Looking to get into Atmel programming, few questions...

Discussion in 'Microcontrollers and Programming' started by dynamo, Dec 2, 2016.

  1. dynamo

    dynamo

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    Hi and thanks for the nice forums!

    Old PLC/Robot guy here looking to play with some micros..
    I downloaded and installed the Atmel Studio software last night and now want to get into MCU development, an evaluation board and programmer.
    I don't need much in the way of horsepower for the MCU; standard digital I/O and perhaps some A/D, D/A...

    This is what I'm looking at for starters:
    https://www.aliexpress.com/item/J34...68.html?spm=2114.13010208.99999999.264.Umw7OH
    It looks like it will cover a broad range of MCUs.

    Or this:
    https://www.aliexpress.com/item/DCc..._8&btsid=aa3ec531-ba26-4b1f-bc8b-f9310563e64a


    Or this:
    https://www.aliexpress.com/item/ATM..._8&btsid=aa3ec531-ba26-4b1f-bc8b-f9310563e64a

    This is all new to me as far as what's required to write code, download to the MCU and implement it into a project.
    I prefer the boards that have the MCU, crystal, power connection and I/O pins all available on board, I am not looking to build my own PCBs or anything like that.

    Thanks for any ideas to steer me into a direction where I don't buy things I won't ever use LOL!
     
    dynamo, Dec 2, 2016
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  2. dynamo

    pgib8

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    Getting a board that has a programmer built-in and that does also provide an integrated USB-to-serial interface for debugging is a very good choice, like the middle link.
    On this board you have nearly no peripherals, probably one or two LEDs and maybe a button. This will be good to learn some basics and you'll probably add your own peripherals to the expansion headers.
    Alternatively you can buy something that has more stuff already on the board that you can play with.

    One thing to think about is do you want to learn and understand how it all works or do you want to put together crazy gadgets and have them perform without too much fuss?
    Many "programmers" today can put together all kind of embedded applications basically by copy and pasting code from the internet. If you do want to learn things from ground up I would recommend to steer away from using libraries and instead write your own code. On the other hand if you want to build project xyz and just simply make it work, then of course libraries are your friend.

    I definitely recommend starting with a small microcontroller. Take a look at the datasheets and registers. I would shoot for 300 pages at the very most to start with, I'd recommend something 100 or less pages actually. You don't want to overwhelm yourself early in the process. I know you want to go with Atmel and that's fine, if it were up to me, you'd be getting a low-end 8-bit Microchip PIC MCU :) Well I'm pretty sure Microchip now owns Atmel.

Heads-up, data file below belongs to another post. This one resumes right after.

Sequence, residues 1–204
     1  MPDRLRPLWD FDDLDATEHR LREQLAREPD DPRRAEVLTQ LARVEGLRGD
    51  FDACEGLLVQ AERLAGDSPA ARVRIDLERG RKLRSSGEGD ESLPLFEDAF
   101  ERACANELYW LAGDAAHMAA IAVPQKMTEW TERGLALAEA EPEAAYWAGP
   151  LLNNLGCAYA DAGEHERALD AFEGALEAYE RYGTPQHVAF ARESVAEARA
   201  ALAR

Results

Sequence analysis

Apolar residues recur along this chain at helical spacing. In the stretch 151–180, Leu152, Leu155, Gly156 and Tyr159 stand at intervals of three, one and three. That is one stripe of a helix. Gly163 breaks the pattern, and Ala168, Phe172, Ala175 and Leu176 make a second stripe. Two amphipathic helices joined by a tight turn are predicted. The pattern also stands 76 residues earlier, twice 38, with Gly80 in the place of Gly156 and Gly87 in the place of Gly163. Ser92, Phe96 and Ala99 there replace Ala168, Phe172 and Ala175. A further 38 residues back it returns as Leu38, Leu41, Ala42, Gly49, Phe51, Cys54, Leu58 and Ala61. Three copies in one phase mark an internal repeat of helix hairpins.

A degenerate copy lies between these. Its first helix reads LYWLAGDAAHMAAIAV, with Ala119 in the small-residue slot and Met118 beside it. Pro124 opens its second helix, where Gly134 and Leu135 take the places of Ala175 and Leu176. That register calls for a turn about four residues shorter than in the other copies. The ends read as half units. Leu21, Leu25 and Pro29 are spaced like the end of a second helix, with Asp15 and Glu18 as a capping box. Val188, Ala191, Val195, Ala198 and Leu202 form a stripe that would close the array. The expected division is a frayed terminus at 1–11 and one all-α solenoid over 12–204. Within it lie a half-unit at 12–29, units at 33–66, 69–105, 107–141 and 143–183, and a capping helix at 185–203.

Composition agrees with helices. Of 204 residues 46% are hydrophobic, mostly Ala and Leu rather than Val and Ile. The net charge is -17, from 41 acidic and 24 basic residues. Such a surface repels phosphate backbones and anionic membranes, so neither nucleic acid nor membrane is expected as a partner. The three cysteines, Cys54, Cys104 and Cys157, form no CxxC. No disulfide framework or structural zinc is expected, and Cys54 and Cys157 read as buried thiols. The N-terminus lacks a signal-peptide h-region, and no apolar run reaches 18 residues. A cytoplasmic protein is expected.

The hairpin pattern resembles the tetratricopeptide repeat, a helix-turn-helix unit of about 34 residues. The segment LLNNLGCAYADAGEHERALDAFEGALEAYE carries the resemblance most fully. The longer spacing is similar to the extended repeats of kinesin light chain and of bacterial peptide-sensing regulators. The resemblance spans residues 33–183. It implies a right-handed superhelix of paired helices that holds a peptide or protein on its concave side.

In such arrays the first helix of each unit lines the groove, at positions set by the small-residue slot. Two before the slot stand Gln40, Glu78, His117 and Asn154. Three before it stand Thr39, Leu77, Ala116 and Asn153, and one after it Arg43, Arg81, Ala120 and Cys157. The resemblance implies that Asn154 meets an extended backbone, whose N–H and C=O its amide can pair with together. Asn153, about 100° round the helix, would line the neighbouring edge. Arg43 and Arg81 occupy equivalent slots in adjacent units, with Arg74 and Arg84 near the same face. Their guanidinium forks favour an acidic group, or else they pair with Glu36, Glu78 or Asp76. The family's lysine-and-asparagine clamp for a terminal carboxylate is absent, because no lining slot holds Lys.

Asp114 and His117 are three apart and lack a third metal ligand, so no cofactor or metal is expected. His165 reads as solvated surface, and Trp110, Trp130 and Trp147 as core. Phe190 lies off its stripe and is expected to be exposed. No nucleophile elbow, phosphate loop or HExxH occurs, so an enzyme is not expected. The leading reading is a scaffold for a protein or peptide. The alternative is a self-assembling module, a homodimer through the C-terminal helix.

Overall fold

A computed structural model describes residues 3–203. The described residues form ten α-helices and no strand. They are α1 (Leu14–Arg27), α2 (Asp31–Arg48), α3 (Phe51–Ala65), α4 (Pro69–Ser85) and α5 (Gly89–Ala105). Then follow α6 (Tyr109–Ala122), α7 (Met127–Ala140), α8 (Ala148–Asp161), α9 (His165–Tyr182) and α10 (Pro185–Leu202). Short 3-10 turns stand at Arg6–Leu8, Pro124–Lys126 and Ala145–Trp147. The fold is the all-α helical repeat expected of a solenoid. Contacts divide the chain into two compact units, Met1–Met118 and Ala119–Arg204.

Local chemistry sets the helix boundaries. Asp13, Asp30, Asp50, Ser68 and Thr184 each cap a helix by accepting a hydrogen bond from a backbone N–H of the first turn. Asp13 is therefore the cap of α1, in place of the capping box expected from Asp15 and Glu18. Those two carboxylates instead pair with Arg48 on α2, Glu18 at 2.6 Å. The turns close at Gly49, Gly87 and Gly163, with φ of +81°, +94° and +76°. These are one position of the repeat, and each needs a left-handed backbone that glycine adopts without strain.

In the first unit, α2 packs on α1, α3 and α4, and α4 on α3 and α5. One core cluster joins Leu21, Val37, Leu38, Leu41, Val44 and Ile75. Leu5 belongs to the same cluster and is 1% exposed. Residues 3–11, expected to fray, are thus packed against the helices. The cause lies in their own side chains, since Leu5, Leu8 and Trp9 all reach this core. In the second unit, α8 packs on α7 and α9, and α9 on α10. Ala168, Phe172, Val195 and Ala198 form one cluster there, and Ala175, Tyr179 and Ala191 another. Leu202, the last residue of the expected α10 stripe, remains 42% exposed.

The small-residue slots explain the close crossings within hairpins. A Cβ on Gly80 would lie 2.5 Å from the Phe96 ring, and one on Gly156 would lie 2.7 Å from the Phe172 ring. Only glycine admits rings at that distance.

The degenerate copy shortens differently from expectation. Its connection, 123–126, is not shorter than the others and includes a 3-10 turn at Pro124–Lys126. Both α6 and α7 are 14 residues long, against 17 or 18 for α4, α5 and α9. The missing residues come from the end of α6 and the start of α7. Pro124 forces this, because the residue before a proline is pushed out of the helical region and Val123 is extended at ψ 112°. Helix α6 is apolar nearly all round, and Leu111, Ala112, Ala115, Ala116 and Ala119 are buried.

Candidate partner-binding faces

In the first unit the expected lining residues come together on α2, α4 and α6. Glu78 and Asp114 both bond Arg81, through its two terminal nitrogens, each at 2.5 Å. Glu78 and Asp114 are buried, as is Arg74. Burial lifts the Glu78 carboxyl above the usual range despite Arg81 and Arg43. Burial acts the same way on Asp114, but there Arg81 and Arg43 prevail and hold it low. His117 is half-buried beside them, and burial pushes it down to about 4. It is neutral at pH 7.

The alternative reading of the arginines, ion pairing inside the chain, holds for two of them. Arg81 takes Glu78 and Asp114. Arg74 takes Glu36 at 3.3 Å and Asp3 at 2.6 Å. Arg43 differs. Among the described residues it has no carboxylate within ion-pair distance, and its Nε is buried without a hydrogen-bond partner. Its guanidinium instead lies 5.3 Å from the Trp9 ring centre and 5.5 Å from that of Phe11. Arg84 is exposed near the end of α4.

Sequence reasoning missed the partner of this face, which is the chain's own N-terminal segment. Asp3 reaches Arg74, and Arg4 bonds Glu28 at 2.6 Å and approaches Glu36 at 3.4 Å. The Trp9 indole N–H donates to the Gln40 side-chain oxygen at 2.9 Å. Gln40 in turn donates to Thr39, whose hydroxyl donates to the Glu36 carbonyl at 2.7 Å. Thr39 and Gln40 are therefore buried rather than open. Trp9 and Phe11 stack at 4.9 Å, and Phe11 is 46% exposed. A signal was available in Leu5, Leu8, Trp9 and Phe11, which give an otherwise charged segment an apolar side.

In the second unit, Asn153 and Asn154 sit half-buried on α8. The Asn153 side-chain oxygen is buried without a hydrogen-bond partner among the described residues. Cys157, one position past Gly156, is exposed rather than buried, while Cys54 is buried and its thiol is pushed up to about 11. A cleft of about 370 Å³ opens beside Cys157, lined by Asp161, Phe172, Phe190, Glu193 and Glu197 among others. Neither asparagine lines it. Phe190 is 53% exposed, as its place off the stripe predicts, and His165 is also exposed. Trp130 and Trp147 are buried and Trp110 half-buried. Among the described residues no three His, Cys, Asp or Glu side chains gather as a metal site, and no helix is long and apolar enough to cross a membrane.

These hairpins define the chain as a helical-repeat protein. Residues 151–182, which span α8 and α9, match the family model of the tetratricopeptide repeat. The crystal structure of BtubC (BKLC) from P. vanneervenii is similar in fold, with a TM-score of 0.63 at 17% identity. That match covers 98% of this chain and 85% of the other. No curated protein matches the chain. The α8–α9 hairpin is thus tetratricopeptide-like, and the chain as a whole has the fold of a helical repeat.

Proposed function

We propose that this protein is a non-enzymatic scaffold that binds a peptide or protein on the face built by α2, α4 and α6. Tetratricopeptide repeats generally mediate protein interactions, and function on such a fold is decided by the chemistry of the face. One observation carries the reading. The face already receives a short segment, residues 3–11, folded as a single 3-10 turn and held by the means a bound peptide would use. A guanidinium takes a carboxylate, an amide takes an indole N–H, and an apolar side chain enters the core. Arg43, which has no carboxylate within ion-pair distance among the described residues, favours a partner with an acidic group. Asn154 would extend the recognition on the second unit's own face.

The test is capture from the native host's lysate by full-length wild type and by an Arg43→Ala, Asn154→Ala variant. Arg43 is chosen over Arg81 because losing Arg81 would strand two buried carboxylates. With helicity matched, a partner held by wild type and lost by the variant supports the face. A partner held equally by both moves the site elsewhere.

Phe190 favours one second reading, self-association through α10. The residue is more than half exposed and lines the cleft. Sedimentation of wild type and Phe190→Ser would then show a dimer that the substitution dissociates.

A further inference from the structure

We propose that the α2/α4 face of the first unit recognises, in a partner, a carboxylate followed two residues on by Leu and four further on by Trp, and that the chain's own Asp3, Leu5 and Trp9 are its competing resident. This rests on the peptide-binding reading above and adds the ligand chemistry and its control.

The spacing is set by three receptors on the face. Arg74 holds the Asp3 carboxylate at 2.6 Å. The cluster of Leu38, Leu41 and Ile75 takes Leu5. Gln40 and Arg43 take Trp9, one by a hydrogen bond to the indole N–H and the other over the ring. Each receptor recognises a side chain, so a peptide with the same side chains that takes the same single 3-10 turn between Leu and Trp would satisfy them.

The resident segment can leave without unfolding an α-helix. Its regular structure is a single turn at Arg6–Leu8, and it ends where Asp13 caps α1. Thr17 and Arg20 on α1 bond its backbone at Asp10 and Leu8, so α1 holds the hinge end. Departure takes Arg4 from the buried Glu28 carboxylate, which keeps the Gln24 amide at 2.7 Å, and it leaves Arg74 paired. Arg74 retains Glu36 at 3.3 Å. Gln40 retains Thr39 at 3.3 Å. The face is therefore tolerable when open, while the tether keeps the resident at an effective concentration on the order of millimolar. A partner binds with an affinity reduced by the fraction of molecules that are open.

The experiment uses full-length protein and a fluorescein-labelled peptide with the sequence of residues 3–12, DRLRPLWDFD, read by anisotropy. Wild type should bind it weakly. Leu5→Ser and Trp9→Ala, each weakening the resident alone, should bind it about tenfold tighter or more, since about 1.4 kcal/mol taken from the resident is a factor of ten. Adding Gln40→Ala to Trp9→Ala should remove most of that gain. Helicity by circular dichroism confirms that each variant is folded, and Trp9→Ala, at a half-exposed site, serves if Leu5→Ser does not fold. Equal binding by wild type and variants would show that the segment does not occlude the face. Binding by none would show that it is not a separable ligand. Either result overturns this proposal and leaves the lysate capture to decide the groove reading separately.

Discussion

pgib8, Dec 2, 2016
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  3. dynamo

    BobK

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    These are cheap. Only the first one seems to include a programmer, the other two links, which seem to be the same board, would need a separate programmer.

    Personally, I would spend the extra money and get a programmer and demo board directly from AVR. This way you know you will have support and you will end up saving many hours of your time.

    But then, I am a PIC guy and have never used AVR.

    Bob
     
    BobK, Dec 2, 2016
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  4. dynamo

    dynamo

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    Many thanks for the quick replies, pgib8 and BobK.
    I am just playing around in my waning years and am not committed to Atmel or PIC.
    I know many Industrial applications that have used PIC controllers.
    I well check them out as well before making any purchase decisions.
    Lots to read and learn!
    Fun?
    You bet!
    :D
     
    dynamo, Dec 2, 2016
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  5. dynamo

    pgib8

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    well if you're considering other chip manufacturers also have a look at the TI launchpad with the many boosterpacks.
     
    pgib8, Dec 3, 2016
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  6. dynamo

    NMNeil

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    Nobody has suggested looking at the Arduino platform, which is odd as it's cheap and a good introduction to programming, and the Uno uses the Atmega328P MCU, which has enough power for just about anything.
    Yes the Arduino IDE has some faults but it's dead easy to learn and you can integrate segments of AVR C directly, which is handy because some of the Arduino IDE functions are horribly slow.
     
    NMNeil, Dec 3, 2016
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  7. dynamo

    dynamo

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    Thanks again, pg1b8, will do!